Each milliliter (mL) contains 0.1 mg of atropine sulfate monohydrate equivalent to 0.083 mg of atropine, and sodium chloride, 9 mg. May contain sodium hydroxide and/or sulfuric acid for pH adjustment 0.308 mOsmol/mL (calc.). pH 3.0 to 6.5.

Sodium chloride added to render the solution isotonic for injection of the active ingredient is present in amounts insufficient to affect serum electrolyte balance of sodium (Na+) and chloride (Cl-) ions.

The solution contains no bacteriostat, antimicrobial agent or added buffer (except for pH adjustment) and is intended for use only as a single-dose injection. When smaller doses are required the unused portion should be discarded.

Atropine Sulfate, USP is chemically designated 1α H, 5α H-Tropan-3-α-ol (±)-tropate (ester), sulfate (2:1) (salt) monohydrate, (C17H23NO3)2 ∙ H2SO4 ∙ H2O, colorless crystals or white crystalline powder very soluble in water. It has the following structural formula:

Chemical Structure

Atropine, a naturally occurring belladonna alkaloid, is a racemic mixture of equal parts of d- and 1-hyocyamine, whose activity is due almost entirely to the levo isomer of the drug.

Sodium Chloride, USP is chemically designated NaCl, a white crystalline powder freely soluble in water.


12.1 Mechanism of Action

Atropine is an antimuscarinic agent since it antagonizes the muscarine-like actions of acetylcholine and other choline esters.

Atropine inhibits the muscarinic actions of acetylcholine on structures innervated by postganglionic cholinergic nerves, and on smooth muscles which respond to endogenous acetylcholine but are not so innervated. As with other antimuscarinic agents, the major action of atropine is a competitive or surmountable antagonism which can be overcome by increasing the concentration of acetylcholine at receptor sites of the effector organ (e.g., by using anticholinesterase agents which inhibit the enzymatic destruction of acetylcholine). The receptors antagonized by atropine are the peripheral structures that are stimulated or inhibited by muscarine (i.e., exocrine glands and smooth and cardiac muscle). Responses to postganglionic cholinergic nerve stimulation also may be inhibited by atropine but this occurs less readily than with responses to injected (exogenous) choline esters.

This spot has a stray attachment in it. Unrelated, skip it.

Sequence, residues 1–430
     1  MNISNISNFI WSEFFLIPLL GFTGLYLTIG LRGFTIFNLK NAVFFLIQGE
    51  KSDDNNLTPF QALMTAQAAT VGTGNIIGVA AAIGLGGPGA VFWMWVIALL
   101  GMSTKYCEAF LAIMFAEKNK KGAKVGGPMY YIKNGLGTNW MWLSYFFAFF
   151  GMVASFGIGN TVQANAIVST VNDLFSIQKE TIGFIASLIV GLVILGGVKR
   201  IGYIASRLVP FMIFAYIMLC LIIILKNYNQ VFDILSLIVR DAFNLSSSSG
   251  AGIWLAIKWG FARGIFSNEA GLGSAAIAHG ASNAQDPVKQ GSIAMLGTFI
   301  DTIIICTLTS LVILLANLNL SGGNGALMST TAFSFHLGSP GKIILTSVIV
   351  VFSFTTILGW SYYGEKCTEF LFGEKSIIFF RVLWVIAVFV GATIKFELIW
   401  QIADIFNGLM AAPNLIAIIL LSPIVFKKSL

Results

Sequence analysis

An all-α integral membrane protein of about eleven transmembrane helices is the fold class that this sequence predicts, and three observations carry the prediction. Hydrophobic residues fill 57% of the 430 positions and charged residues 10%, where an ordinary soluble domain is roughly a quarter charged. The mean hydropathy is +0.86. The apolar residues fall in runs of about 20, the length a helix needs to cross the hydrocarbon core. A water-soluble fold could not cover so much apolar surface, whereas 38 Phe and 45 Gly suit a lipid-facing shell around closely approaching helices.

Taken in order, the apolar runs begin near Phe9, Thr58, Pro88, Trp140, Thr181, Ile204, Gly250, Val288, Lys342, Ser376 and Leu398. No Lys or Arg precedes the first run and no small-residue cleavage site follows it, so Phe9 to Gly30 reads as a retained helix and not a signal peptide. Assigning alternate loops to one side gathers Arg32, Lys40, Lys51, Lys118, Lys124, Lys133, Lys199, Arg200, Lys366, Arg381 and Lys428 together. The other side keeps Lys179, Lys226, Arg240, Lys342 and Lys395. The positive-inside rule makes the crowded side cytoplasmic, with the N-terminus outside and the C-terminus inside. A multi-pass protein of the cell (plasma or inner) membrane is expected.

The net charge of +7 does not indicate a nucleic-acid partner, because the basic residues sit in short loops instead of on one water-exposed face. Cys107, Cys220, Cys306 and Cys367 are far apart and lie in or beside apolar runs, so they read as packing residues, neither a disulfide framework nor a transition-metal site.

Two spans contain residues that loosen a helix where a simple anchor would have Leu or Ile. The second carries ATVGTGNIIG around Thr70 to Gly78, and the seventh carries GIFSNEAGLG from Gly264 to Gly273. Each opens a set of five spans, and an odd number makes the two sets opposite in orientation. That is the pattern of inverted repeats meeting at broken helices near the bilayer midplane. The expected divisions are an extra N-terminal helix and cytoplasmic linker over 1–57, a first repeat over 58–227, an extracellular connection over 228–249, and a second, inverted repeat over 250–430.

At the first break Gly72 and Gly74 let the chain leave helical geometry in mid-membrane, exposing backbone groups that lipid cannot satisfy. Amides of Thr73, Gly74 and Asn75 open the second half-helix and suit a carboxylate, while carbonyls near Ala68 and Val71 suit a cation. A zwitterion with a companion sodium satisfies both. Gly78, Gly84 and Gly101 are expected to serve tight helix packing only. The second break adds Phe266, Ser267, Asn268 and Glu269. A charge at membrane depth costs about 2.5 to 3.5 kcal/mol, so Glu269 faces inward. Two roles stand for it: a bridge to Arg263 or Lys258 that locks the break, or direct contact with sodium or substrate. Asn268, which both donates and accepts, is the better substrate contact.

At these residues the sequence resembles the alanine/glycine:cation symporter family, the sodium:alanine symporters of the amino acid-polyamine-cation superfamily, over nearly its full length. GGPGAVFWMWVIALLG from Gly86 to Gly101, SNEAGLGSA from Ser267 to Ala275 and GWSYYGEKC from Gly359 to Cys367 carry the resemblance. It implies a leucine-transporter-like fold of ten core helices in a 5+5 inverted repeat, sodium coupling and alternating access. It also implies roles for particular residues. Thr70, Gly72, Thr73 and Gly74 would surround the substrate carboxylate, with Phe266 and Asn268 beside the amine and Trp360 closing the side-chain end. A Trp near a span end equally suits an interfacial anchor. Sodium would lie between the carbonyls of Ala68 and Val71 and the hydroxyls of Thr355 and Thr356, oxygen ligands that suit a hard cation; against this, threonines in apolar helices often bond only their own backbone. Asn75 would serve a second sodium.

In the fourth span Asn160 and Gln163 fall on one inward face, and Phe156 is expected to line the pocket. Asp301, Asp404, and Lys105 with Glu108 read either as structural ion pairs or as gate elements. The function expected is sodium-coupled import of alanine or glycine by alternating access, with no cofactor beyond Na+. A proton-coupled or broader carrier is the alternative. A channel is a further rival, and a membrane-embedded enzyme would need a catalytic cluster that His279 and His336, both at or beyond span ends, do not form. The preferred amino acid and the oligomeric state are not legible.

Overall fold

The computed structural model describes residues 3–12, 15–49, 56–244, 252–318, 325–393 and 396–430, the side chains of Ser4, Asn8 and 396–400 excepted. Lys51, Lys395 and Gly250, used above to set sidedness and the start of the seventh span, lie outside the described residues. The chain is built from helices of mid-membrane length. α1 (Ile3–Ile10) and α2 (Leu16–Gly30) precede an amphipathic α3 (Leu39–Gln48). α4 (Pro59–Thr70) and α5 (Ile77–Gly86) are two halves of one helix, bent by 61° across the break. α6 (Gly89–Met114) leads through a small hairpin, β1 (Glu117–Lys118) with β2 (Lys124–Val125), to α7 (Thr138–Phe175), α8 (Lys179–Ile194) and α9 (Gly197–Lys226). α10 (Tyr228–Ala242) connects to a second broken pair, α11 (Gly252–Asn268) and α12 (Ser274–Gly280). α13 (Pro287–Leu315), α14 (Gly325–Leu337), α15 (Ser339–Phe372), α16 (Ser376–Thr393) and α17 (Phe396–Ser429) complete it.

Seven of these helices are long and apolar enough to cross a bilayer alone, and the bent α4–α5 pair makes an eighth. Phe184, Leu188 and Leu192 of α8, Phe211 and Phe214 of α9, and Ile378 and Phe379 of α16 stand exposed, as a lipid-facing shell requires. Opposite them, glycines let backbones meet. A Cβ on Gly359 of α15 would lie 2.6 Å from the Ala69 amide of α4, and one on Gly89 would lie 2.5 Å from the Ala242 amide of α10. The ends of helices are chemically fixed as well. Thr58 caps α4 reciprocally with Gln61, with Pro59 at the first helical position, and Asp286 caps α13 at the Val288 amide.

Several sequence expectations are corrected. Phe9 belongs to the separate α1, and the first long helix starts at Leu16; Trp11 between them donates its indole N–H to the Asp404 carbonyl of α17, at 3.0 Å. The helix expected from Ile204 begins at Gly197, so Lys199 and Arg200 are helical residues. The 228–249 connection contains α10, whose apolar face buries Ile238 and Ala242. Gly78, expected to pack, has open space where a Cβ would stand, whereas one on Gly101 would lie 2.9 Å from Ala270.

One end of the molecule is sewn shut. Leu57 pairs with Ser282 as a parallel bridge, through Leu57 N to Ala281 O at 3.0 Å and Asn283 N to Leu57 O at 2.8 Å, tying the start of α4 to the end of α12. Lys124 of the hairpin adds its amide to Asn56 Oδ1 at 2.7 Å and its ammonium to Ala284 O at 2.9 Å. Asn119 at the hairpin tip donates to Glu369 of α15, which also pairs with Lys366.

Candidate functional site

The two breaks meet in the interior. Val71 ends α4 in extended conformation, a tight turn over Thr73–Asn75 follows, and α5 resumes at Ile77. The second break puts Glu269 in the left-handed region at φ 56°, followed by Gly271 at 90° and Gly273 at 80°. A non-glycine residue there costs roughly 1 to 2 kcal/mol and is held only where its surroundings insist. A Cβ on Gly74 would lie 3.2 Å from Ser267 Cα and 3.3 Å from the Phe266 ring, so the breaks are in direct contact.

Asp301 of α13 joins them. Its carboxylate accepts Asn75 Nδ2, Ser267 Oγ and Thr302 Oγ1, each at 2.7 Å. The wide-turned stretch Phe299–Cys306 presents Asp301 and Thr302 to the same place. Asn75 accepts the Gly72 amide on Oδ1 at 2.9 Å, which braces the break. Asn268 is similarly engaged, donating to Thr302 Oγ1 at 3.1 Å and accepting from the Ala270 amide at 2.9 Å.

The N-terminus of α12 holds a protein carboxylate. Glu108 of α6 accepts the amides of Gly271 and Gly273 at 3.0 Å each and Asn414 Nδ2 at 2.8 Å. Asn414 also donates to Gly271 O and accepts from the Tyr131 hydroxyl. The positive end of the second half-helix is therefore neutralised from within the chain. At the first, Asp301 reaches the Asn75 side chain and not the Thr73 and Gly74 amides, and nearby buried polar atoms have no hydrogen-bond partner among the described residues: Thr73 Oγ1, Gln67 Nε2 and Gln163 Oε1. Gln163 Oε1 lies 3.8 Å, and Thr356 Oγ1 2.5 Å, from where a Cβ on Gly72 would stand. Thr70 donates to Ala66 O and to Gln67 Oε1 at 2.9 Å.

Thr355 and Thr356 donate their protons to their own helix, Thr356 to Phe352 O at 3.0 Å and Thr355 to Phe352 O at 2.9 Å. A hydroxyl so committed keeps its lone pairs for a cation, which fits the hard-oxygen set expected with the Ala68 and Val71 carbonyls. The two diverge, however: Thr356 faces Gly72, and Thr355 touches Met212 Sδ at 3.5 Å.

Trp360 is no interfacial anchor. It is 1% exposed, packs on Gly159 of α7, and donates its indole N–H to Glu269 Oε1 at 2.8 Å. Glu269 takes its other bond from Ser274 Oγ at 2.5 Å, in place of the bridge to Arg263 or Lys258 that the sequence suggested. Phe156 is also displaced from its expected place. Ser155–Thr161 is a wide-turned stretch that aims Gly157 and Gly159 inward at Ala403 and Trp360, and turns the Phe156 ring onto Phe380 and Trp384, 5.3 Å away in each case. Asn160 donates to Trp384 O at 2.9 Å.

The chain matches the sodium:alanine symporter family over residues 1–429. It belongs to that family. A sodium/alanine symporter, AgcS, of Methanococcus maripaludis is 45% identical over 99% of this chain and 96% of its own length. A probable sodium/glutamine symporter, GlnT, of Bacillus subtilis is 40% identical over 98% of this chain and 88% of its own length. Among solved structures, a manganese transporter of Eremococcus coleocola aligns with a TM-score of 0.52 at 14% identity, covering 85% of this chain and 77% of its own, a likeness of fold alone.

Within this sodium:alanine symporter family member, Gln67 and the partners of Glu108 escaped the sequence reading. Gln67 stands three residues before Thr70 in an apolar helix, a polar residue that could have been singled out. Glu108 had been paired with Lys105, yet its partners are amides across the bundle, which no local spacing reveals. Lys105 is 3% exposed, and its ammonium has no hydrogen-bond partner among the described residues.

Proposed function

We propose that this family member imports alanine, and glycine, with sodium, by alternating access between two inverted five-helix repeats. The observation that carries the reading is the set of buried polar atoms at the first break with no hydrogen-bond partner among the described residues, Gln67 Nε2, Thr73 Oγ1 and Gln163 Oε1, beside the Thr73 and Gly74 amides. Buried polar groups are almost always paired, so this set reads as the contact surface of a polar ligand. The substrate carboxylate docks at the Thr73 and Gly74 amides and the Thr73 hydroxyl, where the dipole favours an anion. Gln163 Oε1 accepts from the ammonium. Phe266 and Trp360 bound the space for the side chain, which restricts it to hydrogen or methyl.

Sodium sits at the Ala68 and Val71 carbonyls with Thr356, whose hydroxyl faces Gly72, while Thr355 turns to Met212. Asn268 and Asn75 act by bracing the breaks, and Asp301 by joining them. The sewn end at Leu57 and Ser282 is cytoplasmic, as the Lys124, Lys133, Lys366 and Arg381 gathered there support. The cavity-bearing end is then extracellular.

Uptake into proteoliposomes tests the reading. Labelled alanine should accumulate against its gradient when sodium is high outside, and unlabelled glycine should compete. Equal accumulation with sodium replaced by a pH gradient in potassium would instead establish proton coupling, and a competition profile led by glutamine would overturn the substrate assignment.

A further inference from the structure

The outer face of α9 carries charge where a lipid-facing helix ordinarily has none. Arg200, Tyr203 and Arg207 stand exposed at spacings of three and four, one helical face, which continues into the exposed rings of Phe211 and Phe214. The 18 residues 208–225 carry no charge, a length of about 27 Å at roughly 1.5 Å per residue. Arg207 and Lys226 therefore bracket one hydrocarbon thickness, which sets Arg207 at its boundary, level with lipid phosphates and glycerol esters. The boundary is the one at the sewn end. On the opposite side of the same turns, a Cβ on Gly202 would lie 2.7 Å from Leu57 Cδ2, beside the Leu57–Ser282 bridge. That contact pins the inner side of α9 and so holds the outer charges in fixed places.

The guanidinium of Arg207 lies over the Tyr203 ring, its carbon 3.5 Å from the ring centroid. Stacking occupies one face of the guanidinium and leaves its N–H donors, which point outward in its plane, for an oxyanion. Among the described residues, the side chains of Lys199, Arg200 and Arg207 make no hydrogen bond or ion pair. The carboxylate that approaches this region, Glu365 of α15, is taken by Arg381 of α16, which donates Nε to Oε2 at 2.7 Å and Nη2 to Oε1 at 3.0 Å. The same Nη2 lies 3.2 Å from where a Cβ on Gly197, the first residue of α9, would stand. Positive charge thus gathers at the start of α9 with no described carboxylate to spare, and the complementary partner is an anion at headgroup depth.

12.2 Pharmacodynamics

Atropine-induced parasympathetic inhibition may be preceded by a transient phase of stimulation, especially on the heart where small doses first slow the rate before characteristic tachycardia develops due to paralysis of vagal control. Atropine exerts a more potent and prolonged effect on heart, intestine and bronchial muscle than scopolamine, but its action on the iris, ciliary body and certain secretory glands is weaker than that of scopolamine. Unlike the latter, atropine in clinical doses does not depress the central nervous system but may stimulate the medulla and higher cerebral centers. Although mild vagal excitation occurs, the increased respiratory rate and (sometimes) increased depth of respiration produced by atropine are more probably the result of bronchiolar dilatation. Accordingly, atropine is an unreliable respiratory stimulant and large or repeated doses may depress respiration.

Adequate doses of atropine abolish various types of reflex vagal cardiac slowing or asystole. The drug also prevents or abolishes bradycardia or asystole produced by injection of choline esters, anticholinesterase agents or other parasympathomimetic drugs, and cardiac arrest produced by stimulation of the vagus. Atropine also may lessen the degree of partial heart block when vagal activity is an etiologic factor. In some patients with complete heart block, the idioventricular rate may be accelerated by atropine; in others, the rate is stabilized. Occasionally a large dose may cause atrioventricular (A-V) block and nodal rhythm.